ExecuJet MRO To Expand Capability In Malaysia As Demand Picks Up
SINGAPORE—ExecuJet MRO Services Malaysia is constructing a new purpose-built MRO facility at Subang Airport as it reaches capacity from growing business aviation activities in the region.
Construction is expected to commence in October and is scheduled to complete by the end of 2023. The company made the announcement on the sidelines of Selangor Aviation Show in Kuala Lumpur.
Once completed, the new facility will have a gross floor area of approximately 149,500 ft.2, more than double the 65,200 ft.2 available at present. The hangar will be able to accommodate 15 large business jets such as the Gulfstreams G550 and the Dassault Falcon 8x.
Graeme Duckworth, president of ExecuJet MRO Services, tells The Weekly Of Business Aviation that Subang remains the company’s preferred airport to operate from as it is “easy to use.” Once Kuala Lumpur’s international airport, Subang is now primarily used for business aviation. ExecuJet MRO has a 45-year lease on land at the airport, which Duckworth says makes it a “very viable proposition” to host its enlarged facility.
Moving ahead, the focus for the MRO is to expand its capabilities to service aircraft types from parent company Dassault as well as Bombardier and Gulfstream, as well as increase backshop capabilities such as ancillary and interior work, component overhaul and its battery offering, making the Subang unit a “one-stop shop.”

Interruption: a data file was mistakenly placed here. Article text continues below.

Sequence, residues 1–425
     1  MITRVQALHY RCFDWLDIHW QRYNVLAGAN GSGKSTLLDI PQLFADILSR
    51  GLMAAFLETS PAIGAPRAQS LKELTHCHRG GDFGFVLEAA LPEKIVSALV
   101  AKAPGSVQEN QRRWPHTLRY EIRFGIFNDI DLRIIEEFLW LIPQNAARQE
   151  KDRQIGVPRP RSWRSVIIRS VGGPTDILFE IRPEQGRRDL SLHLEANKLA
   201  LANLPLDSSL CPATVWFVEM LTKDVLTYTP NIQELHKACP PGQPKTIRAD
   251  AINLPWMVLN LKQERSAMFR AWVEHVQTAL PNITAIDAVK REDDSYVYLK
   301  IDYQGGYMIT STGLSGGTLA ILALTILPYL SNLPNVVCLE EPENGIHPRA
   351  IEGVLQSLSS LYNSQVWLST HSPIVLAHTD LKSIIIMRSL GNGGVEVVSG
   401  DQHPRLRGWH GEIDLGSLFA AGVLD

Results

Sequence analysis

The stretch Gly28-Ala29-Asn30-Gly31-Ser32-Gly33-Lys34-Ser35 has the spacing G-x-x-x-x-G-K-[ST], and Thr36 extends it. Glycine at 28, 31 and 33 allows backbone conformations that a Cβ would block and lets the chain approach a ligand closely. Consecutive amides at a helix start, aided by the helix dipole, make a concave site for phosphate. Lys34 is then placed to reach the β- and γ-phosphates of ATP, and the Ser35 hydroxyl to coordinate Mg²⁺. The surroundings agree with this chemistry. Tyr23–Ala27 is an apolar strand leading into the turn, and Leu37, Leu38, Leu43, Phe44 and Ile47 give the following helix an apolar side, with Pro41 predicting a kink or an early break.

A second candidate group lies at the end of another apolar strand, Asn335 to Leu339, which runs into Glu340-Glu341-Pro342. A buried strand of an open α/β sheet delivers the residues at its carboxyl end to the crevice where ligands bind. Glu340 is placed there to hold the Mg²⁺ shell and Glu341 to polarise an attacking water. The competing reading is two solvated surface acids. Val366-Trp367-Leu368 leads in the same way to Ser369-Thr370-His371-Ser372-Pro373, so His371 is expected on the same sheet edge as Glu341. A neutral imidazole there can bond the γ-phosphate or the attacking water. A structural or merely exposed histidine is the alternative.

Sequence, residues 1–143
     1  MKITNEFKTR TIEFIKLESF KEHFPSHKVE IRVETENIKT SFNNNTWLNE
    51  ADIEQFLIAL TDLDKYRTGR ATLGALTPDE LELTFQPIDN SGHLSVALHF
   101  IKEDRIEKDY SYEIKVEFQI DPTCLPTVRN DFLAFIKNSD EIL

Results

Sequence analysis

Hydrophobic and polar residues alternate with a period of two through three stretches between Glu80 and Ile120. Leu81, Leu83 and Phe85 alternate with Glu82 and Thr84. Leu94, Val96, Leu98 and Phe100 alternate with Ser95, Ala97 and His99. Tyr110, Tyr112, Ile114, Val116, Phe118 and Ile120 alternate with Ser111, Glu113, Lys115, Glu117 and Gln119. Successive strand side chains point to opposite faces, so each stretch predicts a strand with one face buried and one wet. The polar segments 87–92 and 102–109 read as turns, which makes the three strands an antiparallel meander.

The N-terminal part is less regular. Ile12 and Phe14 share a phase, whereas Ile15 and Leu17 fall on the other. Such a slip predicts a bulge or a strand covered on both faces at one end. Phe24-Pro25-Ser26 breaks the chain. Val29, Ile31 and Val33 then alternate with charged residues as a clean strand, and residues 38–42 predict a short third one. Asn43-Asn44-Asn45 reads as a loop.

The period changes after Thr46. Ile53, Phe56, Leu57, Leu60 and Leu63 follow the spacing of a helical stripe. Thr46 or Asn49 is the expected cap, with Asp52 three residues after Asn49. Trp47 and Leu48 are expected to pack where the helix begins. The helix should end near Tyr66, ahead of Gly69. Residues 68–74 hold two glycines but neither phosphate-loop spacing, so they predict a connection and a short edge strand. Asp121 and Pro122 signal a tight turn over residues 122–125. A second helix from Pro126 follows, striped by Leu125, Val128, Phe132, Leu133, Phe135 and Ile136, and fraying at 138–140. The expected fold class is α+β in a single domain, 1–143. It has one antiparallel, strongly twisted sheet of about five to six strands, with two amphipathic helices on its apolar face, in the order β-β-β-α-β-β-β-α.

Duckworth says that its franchise in China, ExecuJet Haite, is witnessing a pickup in work, especially in pre-purchase inspections. Sales activity in China has increased as local owners are letting go of aircraft assets.
As the world recovers from the pandemic, he also notes that more wealthy people who previously did not own an aircraft are increasingly acquiring them.
“Pre-owned aircraft, available for sale have reduced dramatically over the past couple of years, showing that people are buying business jets. All OEMs are also recording quite large backlogs of orders,” Duckworth adds.
He sees the trend being driven by the decrease in connectivity from airlines and the lack of capacity at airports, which often results in cancellations. High-net-worth individuals are looking to avoid these issues by buying their own aircraft, Duckworth says.